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To help prevent mosquito bites, eliminate their preferred environment

The Southern Nevada Health District released a press release this month that stated the first West Nile virus-positive mosquitoes of the season were identified in the 89005 ZIP code through its mosquito surveillance program. West Nile virus is the leading cause of mosquito-borne disease in the continental United States. It is most commonly spread to people by the bite of an infected mosquito.

The most effective way to prevent infection from West Nile virus, and other mosquito-borne diseases, is to prevent mosquito bites. Mosquitoes bite during the day and night. Use insect repellent, wear long-sleeved shirts and pants, treat clothing and gear, and take steps to control mosquitoes indoors and outdoors.

Use Environmental Protection Agency-registered insect repellents with one of these active ingredients: DEET, picaridin (known as KBR 3023 and icaridin outside the U.S.), IR3535, oil of lemon eucalyptus, para-menthane-diol or 2-Undecanone.

When used as directed, EPA-registered insect repellents are proven safe and effective, even for pregnant and breastfeeding women. Always follow the product label instructions. Reapply insect repellent as directed. Do not spray repellent on the skin under clothing. If you are also using sunscreen, apply sunscreen first and insect repellent second.

Use permethrin to treat clothing and gear (such as boots, pants, socks and tents) or buy permethrin-treated clothing and gear. Permethrin is an insecticide that kills or repels mosquitoes.

Prevent mosquito bites when traveling overseas. Choose a hotel or lodging with air conditioning or screens on windows and doors. Sleep under a mosquito bed net if you are outside or in a room that does not have screens.

It’s also important to stop mosquitoes from laying eggs in or near water. If you have a concrete or above-ground swimming pool know that chlorine will not always kill mosquito larvae. If a pool cover is used, keep it tightly sealed, and remember to remove rain water from the top of the pool cover.

Water in plastic wading pools should be changed every week. The pools should be stored indoors and upside down when not in use.

Stock unused or “out-of-order” pools with mosquito fish. Most fish eat mosquito larvae and are useful in keeping ornamental ponds free of mosquitoes. Gambusia affinis, called “mosquito fish,” eat mosquito larvae as fast as they hatch from the eggs laid by the mosquito. They require no special feeding, and care is limited to protecting them from garden sprays and from chlorine or chemicals used to clean the pond.

Mosquito fish do not lay eggs, but give birth to well-developed and active young. They breed throughout the summer and a new brood is produced at intervals of about four to six weeks. Approximately 100 young are in a single brood, each about a half-inch in length when born. They are ready to begin the work of destroying mosquito larvae at once. Gambusia grows rapidly, reaching a maximum size of about 2 inches. The earliest broods of the season, born in April and May, become sexually mature and produce young when 4 to 5 months old. Contact the Southern Nevada Health District office at 702-759-1633 to pick some fish up for free.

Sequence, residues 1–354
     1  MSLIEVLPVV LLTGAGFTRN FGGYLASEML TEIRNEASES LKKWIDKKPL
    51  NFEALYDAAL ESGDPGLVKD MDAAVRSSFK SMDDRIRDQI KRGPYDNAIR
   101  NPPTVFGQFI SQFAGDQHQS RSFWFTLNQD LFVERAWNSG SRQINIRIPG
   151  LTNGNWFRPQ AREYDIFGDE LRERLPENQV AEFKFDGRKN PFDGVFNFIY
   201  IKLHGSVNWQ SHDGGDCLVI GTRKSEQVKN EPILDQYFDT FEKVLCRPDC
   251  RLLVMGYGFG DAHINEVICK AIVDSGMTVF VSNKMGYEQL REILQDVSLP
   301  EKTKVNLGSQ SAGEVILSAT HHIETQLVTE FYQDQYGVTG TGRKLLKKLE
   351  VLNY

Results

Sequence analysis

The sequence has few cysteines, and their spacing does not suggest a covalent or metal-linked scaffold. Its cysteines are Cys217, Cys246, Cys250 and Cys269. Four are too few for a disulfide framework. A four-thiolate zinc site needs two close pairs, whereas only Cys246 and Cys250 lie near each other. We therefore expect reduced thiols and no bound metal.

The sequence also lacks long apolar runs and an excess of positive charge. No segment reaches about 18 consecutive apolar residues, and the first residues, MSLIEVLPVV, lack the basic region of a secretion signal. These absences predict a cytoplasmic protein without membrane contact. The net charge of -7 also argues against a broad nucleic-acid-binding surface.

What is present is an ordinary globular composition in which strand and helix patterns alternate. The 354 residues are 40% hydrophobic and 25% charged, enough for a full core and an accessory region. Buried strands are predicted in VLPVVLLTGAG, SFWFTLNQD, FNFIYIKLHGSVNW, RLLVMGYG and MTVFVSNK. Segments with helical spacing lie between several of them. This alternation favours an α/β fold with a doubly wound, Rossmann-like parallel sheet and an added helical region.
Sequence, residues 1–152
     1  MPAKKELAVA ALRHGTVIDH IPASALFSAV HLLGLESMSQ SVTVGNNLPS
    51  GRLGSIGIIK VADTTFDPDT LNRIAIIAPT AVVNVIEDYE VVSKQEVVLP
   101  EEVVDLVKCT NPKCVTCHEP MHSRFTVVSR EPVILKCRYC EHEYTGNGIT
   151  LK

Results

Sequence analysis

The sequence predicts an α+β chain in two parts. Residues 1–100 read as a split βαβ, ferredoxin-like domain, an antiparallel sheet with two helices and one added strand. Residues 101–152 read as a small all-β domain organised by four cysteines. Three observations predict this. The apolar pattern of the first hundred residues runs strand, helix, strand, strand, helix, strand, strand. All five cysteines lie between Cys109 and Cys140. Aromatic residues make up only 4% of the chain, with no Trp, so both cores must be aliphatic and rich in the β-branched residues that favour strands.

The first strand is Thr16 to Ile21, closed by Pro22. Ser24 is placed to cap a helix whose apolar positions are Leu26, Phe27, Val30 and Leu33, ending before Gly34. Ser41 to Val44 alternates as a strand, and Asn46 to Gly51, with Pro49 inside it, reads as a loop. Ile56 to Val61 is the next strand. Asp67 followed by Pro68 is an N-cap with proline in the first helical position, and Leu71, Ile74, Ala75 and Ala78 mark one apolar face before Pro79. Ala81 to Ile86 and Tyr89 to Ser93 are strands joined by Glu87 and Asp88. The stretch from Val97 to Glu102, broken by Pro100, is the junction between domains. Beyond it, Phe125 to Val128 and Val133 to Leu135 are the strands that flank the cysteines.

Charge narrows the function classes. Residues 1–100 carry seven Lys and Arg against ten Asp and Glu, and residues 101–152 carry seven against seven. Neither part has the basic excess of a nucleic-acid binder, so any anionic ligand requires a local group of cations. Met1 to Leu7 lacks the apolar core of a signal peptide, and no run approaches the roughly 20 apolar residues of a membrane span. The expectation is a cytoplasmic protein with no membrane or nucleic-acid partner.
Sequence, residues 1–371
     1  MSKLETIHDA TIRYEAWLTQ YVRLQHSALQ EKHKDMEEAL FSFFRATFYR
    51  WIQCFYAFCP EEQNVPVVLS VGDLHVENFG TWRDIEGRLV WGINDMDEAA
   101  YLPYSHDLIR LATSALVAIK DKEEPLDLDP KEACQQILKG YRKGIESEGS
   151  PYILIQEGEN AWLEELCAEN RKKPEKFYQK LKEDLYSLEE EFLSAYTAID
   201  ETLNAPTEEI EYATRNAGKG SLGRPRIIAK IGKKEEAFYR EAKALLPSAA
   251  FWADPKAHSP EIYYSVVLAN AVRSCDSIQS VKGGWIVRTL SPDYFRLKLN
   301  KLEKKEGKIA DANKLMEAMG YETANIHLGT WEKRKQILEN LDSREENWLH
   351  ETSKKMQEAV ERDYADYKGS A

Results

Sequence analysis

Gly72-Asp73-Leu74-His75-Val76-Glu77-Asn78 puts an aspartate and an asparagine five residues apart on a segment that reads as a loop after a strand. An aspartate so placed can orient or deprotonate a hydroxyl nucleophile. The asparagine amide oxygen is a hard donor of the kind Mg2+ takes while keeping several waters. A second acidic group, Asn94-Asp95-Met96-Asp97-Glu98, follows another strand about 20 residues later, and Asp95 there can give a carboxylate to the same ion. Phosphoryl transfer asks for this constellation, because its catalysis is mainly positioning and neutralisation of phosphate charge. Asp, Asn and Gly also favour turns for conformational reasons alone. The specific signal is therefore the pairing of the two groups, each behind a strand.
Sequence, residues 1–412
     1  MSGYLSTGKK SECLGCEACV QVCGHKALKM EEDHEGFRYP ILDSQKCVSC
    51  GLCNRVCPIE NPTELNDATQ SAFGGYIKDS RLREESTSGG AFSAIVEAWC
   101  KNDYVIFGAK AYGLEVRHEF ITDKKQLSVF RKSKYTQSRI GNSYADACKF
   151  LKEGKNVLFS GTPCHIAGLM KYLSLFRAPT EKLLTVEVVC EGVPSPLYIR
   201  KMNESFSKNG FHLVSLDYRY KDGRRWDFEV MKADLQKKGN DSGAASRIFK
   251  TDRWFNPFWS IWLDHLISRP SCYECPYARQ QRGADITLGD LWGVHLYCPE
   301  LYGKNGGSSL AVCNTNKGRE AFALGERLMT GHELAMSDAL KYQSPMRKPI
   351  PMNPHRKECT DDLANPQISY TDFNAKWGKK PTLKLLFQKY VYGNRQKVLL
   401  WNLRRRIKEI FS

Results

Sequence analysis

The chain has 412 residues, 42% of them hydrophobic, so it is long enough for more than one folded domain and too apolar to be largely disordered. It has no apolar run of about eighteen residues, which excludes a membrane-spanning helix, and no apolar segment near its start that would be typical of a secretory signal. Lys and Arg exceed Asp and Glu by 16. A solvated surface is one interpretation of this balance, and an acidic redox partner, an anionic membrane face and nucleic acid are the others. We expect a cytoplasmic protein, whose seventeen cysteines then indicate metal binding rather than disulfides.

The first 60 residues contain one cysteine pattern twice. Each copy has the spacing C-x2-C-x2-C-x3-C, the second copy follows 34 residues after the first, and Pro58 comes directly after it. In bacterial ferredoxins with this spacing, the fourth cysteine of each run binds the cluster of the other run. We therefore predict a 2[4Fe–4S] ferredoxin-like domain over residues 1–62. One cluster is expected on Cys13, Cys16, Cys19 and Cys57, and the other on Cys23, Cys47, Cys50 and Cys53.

Fish also can be stocked in ornamental ponds. Be sure to avoid using garden insect spray on them, remove leaves and thin out plants, keep the water level up and screen the inlet of the recirculation pump.

When cleaning the pond, transfer the fish to a glass bowl so they won’t be killed by the chlorine.

If the pond is no longer desired, break holes in the bottom and fill it with dirt or sand.

You should also prevent accumulation of sprinkler or rainwater in boats. Store small boats upside down or cover them to keep out the rain and water from your sprinklers.

Large animal water troughs can be stocked with mosquito fish. Small troughs should be cleaned every week.

To prevent standing water from accumulating, containers such as cans, jars, barrels, old tires, buckets and tubs should be removed and disposed of.

Home gardeners who are rooting plant cuttings in vases, buckets, etc., should change the water every week. Containers that are not being used at the moment should be stacked upside down.

Also be aware of other sources of standing water that can accumulate under the house. Be sure to repair leaking plumbing, prevent seepage from garden irrigation, divert storm water away from foundations, watch the drain outlet from the air conditioner and keep rain gutters clean and free of debris so water drains properly.

Contact your local code enforcement office if you see any standing or green water in the community, or to report a green swimming pool. Boulder City has online forms that allows residents to submit concerns 24/7 at http://www.bcnv.org/634/Complaints. If it is easier to call or if you have questions, the city has two phone numbers where you can leave a message anytime: 702-293-9266 for city property concerns and 702-293-9597 for private property maintenance concerns.

To Your Health is provided by the staff of Boulder City Hospital. For more information, call 702-293-4111, ext. 576, or visit bouldercityhospital.org.

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